Romney poses greatest danger to the Supreme Court
Romney poses greatest danger to the Supreme Court
GOP presidential candidate Mitt Romney recently mused about who his likely cabinet picks would be if elected. But he was conveniently tight-lipped about the one institution on which his administration would have the greatest impact — and damage — the Supreme Court.
There are three numbers that tell the colossal danger that a would-be President Romney poses to the Supreme Court. The numbers are the ages of the three justices. Justice Anthony Kennedy is 76. Justice Ruth Bader Ginsburg is 79. Justice Stephen Breyer is 74. Ginsburg and Breyer have been the most consistent and dependable justices to protect and defend civil liberties, civil rights, and economic fairness on the court.
Kennedy is conservative, but not an ideologue. He has at crucial times been the moderating swing vote during his term on the court. President Obama did not appoint Kennedy, Ginsburg or Breyer. But given the ages of the justices, and the past health issues of Ginsburg, if Obama is reelected and if any one of the three justices steps down, he will pick their replacement. His picks almost certainly will be justices who will be moderates that are fully protective of civil rights, civil liberties, and economic fairness.
The justices that Romney will pick will be the exact opposite. This is not speculation. Romney flatly said that the judge that he longed to have on the current court is Robert Bork. Bork’s rabid, fringe, and at times borderline zany views and interpretation of judicial and constitutional law were so repulsive that his nomination to the court by President Reagan in 1987 was virtually DOA during the confirmation hearings.
That has made Bork even more appealing to Romney. He hired Bork to tell him who he should pick to replace Ginsburg, Breyer or Kennedy if they retire. The fine balance that Kennedy and Chief Justice John Roberts momentarily brought back to court during the court’s recent health care ruling will be instantly obliterated.
While the court has gotten some applause for moderate rulings on the Affordable Care Act (ACA) — and scrapping draconian sentences for juvenile offenders — that did not cast the court as moderate or even-handed on the crucial issues involving rights and liberties.
In the first five years under Roberts, the court issued conservative decisions in nearly 60 percent of the cases. In the term that ended the year after Obama took office in 2009, the percentage of conservative decisions shot up to 65 percent. This is the largest number of overt conservative political decisions in over a half-century.
The intense fire that Roberts drew from Romney and conservatives for casting the swing vote to uphold the ACA was a stern warning that justices are expected to toe a rigid, conservative line on the court. And any deviation from that will not be tolerated. This message was for Roberts.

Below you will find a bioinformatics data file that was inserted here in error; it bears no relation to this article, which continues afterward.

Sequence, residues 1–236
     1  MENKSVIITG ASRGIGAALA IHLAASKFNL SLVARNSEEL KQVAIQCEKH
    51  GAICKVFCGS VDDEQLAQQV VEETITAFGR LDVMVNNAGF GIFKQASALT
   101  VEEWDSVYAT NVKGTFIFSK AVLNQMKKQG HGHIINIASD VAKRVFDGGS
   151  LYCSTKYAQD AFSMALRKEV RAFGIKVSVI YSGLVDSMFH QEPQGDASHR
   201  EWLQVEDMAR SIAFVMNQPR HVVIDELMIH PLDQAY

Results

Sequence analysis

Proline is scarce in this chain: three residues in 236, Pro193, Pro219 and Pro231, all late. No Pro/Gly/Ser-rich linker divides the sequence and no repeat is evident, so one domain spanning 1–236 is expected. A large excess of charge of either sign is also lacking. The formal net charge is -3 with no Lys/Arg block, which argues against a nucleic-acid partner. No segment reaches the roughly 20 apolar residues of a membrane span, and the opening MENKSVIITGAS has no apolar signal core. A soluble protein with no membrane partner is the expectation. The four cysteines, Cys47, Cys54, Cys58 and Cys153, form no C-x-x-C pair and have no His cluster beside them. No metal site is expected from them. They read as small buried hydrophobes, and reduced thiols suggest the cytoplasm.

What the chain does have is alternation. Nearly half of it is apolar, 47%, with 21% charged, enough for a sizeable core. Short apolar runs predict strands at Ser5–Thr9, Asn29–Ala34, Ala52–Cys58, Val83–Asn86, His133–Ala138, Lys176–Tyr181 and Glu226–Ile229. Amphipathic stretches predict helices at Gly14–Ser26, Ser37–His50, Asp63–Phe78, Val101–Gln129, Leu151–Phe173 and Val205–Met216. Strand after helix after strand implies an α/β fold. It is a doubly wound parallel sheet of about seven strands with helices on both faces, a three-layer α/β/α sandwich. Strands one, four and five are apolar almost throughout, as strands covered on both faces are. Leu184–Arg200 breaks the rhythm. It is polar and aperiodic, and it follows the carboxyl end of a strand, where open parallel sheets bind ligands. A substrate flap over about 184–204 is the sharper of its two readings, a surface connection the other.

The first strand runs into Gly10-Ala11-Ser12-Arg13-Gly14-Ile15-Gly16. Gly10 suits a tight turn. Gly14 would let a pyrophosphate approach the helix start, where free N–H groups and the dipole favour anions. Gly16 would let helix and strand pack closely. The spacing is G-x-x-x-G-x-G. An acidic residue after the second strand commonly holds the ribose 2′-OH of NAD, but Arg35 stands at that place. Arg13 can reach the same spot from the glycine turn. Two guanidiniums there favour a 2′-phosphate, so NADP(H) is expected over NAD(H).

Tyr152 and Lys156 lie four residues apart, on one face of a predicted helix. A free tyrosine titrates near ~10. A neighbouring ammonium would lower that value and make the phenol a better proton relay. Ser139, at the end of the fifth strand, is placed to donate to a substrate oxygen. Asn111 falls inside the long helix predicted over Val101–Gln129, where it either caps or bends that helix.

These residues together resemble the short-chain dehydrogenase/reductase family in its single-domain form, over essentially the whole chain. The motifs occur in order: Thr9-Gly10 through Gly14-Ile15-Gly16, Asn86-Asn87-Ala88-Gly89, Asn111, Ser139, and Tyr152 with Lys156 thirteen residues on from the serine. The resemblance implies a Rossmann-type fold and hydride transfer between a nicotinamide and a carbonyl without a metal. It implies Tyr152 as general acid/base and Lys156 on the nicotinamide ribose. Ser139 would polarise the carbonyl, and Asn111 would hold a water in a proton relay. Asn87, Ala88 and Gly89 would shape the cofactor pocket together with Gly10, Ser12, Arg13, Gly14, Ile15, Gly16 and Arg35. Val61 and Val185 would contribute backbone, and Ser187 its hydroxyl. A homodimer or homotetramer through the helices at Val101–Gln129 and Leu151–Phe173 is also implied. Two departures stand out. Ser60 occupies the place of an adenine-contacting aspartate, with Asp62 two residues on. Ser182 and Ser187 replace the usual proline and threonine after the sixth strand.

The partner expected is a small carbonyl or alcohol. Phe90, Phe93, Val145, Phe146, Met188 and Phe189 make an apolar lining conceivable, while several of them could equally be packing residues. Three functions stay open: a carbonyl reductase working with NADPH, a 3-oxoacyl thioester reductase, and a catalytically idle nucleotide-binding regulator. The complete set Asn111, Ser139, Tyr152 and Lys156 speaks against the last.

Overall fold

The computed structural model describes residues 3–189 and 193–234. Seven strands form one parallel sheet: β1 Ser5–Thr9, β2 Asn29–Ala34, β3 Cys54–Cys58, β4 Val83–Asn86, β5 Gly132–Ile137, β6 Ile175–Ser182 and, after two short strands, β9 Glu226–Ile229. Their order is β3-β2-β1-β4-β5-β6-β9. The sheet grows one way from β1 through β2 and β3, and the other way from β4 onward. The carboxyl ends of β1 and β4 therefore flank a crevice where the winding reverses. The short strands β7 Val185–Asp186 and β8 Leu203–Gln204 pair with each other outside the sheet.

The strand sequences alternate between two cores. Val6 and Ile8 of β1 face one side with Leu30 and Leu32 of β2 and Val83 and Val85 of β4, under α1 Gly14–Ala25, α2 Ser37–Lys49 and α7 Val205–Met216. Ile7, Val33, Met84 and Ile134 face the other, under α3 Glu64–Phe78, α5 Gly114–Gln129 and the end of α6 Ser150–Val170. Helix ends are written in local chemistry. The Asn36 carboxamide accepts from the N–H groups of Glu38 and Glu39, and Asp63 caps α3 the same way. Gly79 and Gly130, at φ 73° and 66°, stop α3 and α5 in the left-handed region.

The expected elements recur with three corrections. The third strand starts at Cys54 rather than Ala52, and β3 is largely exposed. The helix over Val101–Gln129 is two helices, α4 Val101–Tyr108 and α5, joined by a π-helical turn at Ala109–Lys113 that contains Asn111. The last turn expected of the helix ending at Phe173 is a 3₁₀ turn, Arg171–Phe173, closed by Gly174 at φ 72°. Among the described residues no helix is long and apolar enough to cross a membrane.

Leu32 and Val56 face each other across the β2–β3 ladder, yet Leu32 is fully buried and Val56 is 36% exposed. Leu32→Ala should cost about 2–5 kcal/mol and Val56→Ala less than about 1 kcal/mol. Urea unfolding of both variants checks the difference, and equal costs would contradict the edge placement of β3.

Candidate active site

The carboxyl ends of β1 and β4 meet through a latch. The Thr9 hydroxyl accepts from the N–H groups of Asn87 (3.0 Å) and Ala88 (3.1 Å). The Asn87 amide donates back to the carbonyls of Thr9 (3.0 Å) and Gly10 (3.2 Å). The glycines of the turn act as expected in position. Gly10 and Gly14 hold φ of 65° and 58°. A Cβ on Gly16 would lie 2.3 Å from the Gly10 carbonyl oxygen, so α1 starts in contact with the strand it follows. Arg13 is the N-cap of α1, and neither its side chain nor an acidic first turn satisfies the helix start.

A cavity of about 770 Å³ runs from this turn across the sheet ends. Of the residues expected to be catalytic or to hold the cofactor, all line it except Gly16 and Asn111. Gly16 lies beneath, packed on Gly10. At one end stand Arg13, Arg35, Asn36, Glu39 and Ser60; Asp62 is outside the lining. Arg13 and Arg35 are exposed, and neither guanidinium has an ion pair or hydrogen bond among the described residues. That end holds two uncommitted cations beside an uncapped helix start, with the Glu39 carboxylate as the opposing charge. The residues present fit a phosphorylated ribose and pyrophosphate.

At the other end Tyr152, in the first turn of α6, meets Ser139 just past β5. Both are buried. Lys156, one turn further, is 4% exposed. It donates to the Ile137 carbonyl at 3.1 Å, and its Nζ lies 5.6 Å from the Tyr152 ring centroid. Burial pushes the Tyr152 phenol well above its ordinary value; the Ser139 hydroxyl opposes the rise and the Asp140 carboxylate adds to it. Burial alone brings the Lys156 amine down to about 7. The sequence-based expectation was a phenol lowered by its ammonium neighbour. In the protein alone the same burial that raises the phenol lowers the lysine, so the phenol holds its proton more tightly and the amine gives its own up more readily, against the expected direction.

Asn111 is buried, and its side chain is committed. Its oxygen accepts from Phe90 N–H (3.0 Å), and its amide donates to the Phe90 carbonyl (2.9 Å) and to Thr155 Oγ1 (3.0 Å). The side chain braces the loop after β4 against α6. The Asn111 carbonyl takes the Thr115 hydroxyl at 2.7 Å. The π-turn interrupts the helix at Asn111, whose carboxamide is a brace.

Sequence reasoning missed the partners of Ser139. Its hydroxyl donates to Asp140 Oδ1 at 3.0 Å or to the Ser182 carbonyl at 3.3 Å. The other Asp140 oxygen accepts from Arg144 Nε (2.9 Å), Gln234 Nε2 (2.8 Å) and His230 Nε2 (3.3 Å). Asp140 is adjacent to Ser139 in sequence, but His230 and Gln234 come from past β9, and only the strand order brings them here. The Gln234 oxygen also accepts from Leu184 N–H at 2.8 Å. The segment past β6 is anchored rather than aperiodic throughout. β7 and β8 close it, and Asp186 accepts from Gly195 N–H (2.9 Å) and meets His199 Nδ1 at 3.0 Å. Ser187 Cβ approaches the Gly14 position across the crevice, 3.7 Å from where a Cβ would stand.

Romney punctuated it by taking a big swipe at Roberts saying that he would not nominate someone to the court that would likely rule on an issue that ran counter to Romney’s position and views.
Bork would have no fear that as a justice he would ever be out of lockstep with Romney on the compelling issues. A Bork ideologically cloned judge on the High Court would believe that the assault on racial discrimination poses a “dilemma.” He or she would rail against the politics of sex, calling it a “radical feminist’s assault on American culture.”
He or she would be apoplectic that the Supreme Court is an agent of modern liberalism. He or she would see religious trouble in not upholding school prayer in public schools. He or she would make a strong case for censorship even to the point of loudly proclaiming that America’s only hope is “perhaps in administering censorship of the vilest aspects of our popular culture.”
He or she would enthusiastically agree that once homosexuality is defined as a constitutional right, there is nothing the states can do about it, nothing the people can do about it. These are all direct quotes from Bork’s talks and writings.
As a GOP Massachusetts governor in a rock solid Democratic state, Romney walked a thin tightrope. He had almost no chance of packing the benches in the state with his brand of tough, strict constructionist judges. His picks were relatively moderate and diverse.
But Romney gave two strong hints that would not be the case with the Supreme Court if he had unchecked authority to appoint whom he really wanted to the bench. He bluntly said that his pick for a spot on the Massachusetts Supreme Court would be a judge who had a “strict constructionist, judicial philosophy.”
The second hint was his appointment of Christopher Moore, an arch conservative, to chair his handpicked Judicial Nominating Commission. Moore’s job was to try and damp down the number of presumed liberal activist judges on Massachusetts state courts.
As President, Romney would have free rein to do just that. With Bork’s help, he poses the greatest danger to the Supreme Court.
Earl Ofari Hutchinson is an author and political analyst.